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Reeds Reedgeek 'Universal' Reed Tool

jbtsax

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I am reviving this thread to share my experience with the Reedgeek. I had a lesson on reed adjusting with my mentor the other day, in which he demonstrated this tool. In less that 10 minutes he took a new reed out of the box that was way too hard to blow, stuffy, and unresponsive and made it one of the best reeds I have played on in a long time. The Reedgeek is rectangular shaped with very sharp corners that are used to "scrape" the cane. On one end is another set of smaller corners to scrape smaller areas of the reed. He left his with me for a week to practice with. A local music store sells them for $40 which could be recouped quickly if one can make every reed in a box play well.

I am excited to try some of the techniques he showed me. He said that his teacher could pinpoint the spot on the reed to adjust the response of individual notes, not just certain registers of the sax.
 
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Jay

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1,342
My teacher recommends one. I haven't got one yet. He says he always smooths out the back of any reed with it, and then spends the occasional rainy Sunday afternooon rehabilitating reeds in the 'not playable as they came out of the box' pile.
 

Jay

Well-Known Member
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1,342
I'm doing OK with sandpaper for now - hadn't thought about my Swiss army knife....
 

Rob Pealing

sax in a kayak (apprentice sax tamer)
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1,106
I can see that for good players this sort of reed prep is important, but for the raw beginner to both music and the sax, like me, how important is it?
 

Nick Wyver

noisy
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5,953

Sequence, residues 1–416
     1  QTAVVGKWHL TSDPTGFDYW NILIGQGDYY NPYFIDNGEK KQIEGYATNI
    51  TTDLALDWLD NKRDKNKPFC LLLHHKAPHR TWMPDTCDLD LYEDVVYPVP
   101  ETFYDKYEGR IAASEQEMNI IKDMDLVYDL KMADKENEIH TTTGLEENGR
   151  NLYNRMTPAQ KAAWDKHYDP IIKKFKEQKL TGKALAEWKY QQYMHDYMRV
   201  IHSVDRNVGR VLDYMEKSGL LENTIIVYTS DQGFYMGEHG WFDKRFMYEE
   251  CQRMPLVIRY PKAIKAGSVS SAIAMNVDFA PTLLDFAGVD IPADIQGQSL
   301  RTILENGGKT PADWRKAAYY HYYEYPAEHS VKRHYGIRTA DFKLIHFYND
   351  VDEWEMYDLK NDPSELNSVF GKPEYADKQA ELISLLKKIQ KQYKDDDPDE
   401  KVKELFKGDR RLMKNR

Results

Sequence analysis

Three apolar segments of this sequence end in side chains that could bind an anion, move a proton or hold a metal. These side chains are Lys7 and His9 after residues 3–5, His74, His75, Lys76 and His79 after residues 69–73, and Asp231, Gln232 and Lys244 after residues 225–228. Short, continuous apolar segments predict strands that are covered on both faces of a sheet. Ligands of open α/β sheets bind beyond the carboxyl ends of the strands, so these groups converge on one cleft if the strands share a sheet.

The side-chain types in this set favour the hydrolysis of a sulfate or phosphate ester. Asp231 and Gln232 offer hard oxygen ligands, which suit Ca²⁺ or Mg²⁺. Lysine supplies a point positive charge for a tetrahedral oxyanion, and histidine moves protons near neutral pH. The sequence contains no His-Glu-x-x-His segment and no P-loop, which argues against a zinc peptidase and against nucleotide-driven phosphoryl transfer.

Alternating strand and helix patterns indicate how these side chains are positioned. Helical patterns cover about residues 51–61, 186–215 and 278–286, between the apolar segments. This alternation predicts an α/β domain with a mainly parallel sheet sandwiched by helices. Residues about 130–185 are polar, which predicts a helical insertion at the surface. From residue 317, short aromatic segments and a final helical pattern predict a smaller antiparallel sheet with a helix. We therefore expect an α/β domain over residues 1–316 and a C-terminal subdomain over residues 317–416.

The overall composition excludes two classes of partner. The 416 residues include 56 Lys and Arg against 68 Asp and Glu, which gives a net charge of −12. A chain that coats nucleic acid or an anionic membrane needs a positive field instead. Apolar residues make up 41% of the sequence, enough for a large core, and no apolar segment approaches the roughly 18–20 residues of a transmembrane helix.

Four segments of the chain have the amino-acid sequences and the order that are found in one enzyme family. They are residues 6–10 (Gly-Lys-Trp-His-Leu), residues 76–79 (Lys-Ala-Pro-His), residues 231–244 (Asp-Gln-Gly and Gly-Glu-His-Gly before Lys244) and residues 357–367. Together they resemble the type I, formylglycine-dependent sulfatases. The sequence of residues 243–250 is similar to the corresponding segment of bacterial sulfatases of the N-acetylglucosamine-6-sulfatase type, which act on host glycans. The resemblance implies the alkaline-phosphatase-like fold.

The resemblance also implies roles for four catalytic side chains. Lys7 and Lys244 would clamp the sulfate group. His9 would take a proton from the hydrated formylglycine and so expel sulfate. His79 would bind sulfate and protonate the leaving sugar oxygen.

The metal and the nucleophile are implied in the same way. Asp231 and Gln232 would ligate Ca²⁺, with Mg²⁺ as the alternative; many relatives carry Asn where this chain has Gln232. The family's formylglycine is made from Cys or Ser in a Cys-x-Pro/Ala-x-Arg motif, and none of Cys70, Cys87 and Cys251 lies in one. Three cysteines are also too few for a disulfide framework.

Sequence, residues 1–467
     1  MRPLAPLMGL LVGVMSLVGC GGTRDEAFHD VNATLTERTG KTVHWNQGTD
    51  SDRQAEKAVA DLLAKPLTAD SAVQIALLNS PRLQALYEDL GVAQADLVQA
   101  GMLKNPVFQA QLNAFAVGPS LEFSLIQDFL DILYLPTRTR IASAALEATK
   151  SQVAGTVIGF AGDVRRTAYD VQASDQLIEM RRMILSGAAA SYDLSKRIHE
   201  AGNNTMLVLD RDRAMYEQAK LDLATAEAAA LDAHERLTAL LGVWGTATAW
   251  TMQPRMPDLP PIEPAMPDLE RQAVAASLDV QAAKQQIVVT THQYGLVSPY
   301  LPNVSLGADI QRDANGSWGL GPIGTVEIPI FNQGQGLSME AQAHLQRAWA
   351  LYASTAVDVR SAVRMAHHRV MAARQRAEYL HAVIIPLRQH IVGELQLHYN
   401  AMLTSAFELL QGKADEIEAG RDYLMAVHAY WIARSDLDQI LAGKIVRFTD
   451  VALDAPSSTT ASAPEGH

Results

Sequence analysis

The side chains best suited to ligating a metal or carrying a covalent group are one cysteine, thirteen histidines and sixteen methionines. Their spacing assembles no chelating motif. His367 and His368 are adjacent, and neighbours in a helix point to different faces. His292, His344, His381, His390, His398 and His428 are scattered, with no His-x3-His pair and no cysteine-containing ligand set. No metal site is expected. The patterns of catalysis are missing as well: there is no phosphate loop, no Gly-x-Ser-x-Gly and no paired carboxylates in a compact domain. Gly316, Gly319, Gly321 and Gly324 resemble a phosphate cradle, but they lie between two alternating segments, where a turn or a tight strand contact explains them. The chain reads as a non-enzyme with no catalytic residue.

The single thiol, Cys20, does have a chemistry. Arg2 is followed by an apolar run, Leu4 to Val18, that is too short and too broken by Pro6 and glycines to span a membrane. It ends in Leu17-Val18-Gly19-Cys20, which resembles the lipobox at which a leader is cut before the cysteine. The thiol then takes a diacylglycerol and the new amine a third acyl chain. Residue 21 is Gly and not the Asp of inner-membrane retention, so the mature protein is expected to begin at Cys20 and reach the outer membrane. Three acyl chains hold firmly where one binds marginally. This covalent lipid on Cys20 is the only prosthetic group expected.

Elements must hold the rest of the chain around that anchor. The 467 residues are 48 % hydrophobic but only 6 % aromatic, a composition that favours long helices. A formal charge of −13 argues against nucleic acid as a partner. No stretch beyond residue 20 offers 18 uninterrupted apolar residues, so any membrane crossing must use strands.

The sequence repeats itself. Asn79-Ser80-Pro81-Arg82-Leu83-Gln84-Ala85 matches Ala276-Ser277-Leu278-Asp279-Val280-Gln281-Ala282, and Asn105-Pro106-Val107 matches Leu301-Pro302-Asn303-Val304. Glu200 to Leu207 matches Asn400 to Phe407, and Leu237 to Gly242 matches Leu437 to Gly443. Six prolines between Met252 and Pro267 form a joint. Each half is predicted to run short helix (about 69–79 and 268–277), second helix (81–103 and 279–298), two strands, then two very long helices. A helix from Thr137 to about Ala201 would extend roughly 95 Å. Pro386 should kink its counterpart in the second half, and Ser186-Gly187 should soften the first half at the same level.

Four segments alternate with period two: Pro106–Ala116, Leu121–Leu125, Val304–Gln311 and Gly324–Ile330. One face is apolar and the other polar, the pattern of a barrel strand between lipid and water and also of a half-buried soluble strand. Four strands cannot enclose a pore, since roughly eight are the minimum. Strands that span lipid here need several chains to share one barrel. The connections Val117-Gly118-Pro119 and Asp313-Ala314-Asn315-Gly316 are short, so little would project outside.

I can see that for good players this sort of reed prep is important, but for the raw beginner to both music and the sax, like me, how important is it?
Not remotely.

(Other opinions may be available)

Since it's not important to me does that make me not a good player?
Hmm...
 

Veggie Dave

Sax Worker
Messages
3,182
The idea only some of the reeds in a box will be good reeds is something I still have problems understanding.

As a beginner I would assume that if anyone was going to find one reed easier or harder to play than another then it's going to be someone like me - someone who just doesn't have the experience and knowledge to play around any problem a reed may have.

Except, if the comments are to be believed, I should have encountered at least one bad reed by now, especially as I don't buy expensive ones. But I haven't. Some last more than others, but that can be down to a million different things. I've stopped using mouthwash to clean/wipe reeds, for example, as that seems to destroy their longevity.

I'm going to suggest something now that may result in the pitchforks being dug from the back of the garage and the pitch tar being reheated for one last mob riot, but, well, could it be that 99% of so-called 'bad' reeds are actually perfectly okay reeds that happen to meet a player who's having one of those days and needs something to blame?
 

Nick Wyver

noisy
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5,953
You may well be right.
There are those also who throw a tantrum if everything isn't 100% perfect. Some of us just get on with it.
 

kevgermany

ex Landrover Nut
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21,947
Reeds do vary. some players get so locked in to a particular one they can't play anything else, and when the one reed dies, they take weeks to adjust. Need to learn to play what you get. And also find a consistent one - Marco Jazz are pretty good, so are Rico Select Jazz. But I guess there are others out there that are just as good.